From Jenn

I Like a Sore Butt and I Cannot Lie

Do this a few times with proper form, add weight and boom! Butt soreness. Credit: lululemon athletica

Today, I want to talk about the butt, ladies. The sore butt, to be precise. (And, no, I can never resist a good opportunity to reference Sir-Mix-A-Lot in a headline. I’m helpless against his shake-that-healthy-butt attitude.)

See, after suffering from the most ironic of all ironic injuries back in 2010, I’ve taken an even greater notice of my rear. While a firm, good-looking rear is always a plus, I’m much, much more concerned with how it performs—actually, if it’s working at all. Said previous bum injury was caused by a weak glute that wasn’t firing. And after months of treatment, exercises and painfully easing back into things (taking that much time off was tough for me physically and mentally), I finally got it working again. Weak as it was, I could run a few miles and do lunges, but it had never felt really, really powerful. (And who doesn’t want a powerful rump to sprint and jump and shake with?!)

For the last year though, I’ve really focused on getting it not just functional but also STRONG. In my workouts at the Fit Pit, I have a coach (thanks, Coach Brian!) watch my form closely when I do squats and lunges to make sure my alignment is right (knees point out, not in!) and so that I don’t revert back to any of my former glute-lazy ways when my legs begin to tire. And, Ryan and I have started a more regular and formalized Olympic weight-lifting program, where I’m doing deadlifts, front squats and back squats (we’ll soon add upper-body work to the mix, too). Again, we’ve been taught to do these PERFECTLY (thanks, Coach Brett!).

And the coolest part? I know that I’m doing them right because my glutes are So. Damn. Sore. It’s pretty awesome. The other day we did skier’s lunges (where you put one foot up on a plyo box and lunge with dumbbells in your hands), and the next day I could point to all the different parts of my glutes that had worked—and hard. I know it sounds strange and a bit masochistic, but it’s like a gift from my body that says, “Hey, thanks for working me right where I need it!”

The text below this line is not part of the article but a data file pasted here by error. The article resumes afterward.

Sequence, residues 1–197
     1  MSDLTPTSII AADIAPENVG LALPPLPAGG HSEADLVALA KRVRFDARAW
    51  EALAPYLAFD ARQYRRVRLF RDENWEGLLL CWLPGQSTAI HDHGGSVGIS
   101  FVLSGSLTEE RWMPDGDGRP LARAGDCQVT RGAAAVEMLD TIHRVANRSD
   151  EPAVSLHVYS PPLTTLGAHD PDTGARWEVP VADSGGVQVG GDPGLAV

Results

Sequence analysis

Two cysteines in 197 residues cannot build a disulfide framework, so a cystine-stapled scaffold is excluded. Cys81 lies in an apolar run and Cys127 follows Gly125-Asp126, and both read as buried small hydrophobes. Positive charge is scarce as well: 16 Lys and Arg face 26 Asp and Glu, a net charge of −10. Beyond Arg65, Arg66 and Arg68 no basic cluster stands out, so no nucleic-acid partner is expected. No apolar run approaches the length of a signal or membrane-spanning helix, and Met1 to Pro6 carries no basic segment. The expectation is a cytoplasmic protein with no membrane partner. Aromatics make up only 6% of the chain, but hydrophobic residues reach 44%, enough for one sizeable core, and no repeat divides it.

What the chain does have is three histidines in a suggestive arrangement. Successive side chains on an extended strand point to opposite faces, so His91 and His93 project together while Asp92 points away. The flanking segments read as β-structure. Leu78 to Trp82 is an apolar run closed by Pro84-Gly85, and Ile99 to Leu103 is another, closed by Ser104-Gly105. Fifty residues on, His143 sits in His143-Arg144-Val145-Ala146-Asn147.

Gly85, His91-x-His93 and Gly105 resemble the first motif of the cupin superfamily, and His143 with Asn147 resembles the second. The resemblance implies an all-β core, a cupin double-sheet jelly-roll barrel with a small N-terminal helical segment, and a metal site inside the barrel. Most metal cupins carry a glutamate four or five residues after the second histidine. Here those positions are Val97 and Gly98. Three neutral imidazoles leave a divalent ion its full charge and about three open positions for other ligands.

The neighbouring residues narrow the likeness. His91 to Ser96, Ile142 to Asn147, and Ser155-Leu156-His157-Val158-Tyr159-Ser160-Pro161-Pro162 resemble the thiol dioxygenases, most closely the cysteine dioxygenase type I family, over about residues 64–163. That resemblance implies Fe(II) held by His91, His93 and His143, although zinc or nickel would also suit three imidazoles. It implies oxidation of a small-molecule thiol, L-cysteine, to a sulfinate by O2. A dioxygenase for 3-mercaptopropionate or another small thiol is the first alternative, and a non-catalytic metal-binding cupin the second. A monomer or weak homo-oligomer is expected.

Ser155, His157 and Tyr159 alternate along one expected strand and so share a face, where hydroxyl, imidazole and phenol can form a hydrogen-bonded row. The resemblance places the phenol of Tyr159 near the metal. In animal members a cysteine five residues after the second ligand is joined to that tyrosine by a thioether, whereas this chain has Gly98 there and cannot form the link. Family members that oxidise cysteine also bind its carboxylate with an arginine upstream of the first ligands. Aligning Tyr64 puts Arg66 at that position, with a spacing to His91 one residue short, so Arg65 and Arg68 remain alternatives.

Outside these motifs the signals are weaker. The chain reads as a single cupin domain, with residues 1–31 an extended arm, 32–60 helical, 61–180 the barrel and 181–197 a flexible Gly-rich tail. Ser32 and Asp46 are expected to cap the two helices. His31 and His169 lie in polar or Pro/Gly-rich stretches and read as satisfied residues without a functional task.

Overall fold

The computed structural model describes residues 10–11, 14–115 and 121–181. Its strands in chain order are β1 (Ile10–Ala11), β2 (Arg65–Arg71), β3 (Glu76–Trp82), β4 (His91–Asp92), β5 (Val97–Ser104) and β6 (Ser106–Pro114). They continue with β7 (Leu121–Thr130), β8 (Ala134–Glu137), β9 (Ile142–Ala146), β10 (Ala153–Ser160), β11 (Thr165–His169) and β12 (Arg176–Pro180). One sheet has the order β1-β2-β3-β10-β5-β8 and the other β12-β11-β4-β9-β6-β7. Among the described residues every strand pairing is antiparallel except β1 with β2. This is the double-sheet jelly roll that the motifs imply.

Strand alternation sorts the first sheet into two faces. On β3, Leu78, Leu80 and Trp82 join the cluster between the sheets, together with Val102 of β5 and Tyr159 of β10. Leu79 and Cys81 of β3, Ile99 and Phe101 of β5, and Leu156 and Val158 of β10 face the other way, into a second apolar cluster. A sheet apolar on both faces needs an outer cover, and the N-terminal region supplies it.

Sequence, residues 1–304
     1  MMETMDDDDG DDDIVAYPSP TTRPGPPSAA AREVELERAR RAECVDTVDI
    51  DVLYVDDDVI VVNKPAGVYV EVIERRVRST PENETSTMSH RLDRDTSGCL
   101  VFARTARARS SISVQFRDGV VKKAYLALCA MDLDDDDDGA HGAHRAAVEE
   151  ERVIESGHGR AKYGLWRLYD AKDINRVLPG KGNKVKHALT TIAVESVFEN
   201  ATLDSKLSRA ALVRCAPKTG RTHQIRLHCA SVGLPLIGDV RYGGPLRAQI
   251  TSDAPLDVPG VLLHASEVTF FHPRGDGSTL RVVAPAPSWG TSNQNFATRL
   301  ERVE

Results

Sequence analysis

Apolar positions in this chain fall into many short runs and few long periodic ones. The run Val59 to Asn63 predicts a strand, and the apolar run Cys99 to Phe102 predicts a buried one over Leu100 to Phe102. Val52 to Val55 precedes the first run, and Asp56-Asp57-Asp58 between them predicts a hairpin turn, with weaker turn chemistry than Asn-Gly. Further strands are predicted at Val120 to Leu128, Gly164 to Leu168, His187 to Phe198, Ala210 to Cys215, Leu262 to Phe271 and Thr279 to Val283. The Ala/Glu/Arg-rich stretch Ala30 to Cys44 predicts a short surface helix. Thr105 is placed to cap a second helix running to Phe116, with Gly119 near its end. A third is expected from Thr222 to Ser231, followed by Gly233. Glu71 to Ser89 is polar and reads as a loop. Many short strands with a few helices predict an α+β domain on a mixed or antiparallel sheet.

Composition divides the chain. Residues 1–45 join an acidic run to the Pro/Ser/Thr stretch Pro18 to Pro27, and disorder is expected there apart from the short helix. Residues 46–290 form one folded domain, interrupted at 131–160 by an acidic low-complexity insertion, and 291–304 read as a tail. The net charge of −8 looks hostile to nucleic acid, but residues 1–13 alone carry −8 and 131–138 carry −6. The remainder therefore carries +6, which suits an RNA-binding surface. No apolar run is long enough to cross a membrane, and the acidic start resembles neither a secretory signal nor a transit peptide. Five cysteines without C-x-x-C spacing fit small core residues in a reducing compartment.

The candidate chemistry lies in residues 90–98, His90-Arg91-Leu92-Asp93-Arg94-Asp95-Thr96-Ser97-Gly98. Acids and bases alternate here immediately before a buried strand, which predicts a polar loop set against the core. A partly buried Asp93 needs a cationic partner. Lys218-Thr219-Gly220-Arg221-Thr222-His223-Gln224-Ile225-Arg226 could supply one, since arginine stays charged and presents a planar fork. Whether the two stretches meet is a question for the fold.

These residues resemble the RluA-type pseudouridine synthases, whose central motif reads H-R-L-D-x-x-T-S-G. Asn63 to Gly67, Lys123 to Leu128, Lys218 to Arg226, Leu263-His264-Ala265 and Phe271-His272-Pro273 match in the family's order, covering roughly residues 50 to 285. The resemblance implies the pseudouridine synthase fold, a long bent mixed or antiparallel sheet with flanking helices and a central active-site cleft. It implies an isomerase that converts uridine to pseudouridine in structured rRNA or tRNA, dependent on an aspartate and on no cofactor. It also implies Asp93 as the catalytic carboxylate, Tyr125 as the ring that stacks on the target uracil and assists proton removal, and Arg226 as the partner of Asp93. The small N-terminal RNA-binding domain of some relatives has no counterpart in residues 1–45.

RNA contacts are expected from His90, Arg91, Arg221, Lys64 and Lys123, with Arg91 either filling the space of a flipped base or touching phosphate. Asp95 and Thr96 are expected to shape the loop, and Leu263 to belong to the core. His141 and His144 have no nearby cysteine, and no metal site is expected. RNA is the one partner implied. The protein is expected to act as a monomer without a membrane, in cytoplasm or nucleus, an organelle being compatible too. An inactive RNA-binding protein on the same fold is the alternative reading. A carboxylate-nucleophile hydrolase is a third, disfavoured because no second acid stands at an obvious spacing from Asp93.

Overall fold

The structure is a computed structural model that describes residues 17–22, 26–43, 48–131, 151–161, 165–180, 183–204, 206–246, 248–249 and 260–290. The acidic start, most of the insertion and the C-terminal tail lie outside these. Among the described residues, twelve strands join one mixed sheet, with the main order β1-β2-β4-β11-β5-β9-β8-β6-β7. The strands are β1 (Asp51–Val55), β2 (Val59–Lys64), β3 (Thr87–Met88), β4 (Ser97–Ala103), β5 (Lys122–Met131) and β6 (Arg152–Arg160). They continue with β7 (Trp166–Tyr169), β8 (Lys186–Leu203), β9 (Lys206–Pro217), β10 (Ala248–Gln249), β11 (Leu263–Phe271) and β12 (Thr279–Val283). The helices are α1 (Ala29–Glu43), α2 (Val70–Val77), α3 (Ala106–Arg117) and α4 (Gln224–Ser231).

Not to brag…okay, I’m going to brag: I’m dang proud of my progress strengthening my glutes one correctly performed squat and lunge at a time. It’s slow going, but a few more months of this, and I just might have a fitter bottom than I ever thought possible! (Hmmm. I sniff a healthy goal/New Year’s resolution for 2013 a brewin’…)

Are you working on any weaknesses in your body? Are you overcoming an injury—even a year or more out? How much do you watch your form when you’re doing strength work? Let’s chat about it! —Jenn

 



Comments

  1. nic. says

    TOTALLY AGREE. Between squats and deadlifts, I have to roll my butt on the roam roller for about 15 minutes after a lifting session. It feels silly, but completely amazing.

  2. Nikki says

    I’ve had a lot of knee injuries this year. I’m physiologically prone to them but then a skiing accident in March had me on crutches for several months. I had to quit powerlifting and took time off from my dojo while I recovered. After I got off of the cane my trainer devised me a rehab program based on German Body Comp development- lots of one legged squats and split squats to strengthen the supporting muscles around my knee. Also saw my sports doctor and did acupuncture and chiropractic work. It’s been a long road to recovery and I’ve had some setbacks but I am getting better every day!

  3. Ashley says

    Ok so it’s funny that you posted this because since working out I’ve too had a sore butt but not as you have posted., Mine is severely galded after each 1 hr workout. So much so that I can’t sit down and in bad pain. Is there anything I can do pre-workout that will prevent getting this? Vaseline in the area? ty!

  4. Megan says

    I’ve been struggling with a couple herniated disks in my lower back for about two years now, which like you caused most of my left leg not to fire (now it’s only my left calf that won’t catch up). Sounds like I’m 70 right? But I was only 18 when it happened. I was a collegiate track athlete when I first learned of my injury and avid gym rat. Just a few weeks ago I was able to run for over 10 minutes for the first time, as long as there was no asphalt involved. Unfortunately there will be no more squatting, dead lifting, or hang cleaning for me anymore (even though I try and set myself back way too often). Fortunately, I have been able to come up with my own untraditional workouts using different equipment and loading techniques. I love getting sore from these workouts because I know I’m doing something right… even though everyone at the gym looks at me like I’m crazy.

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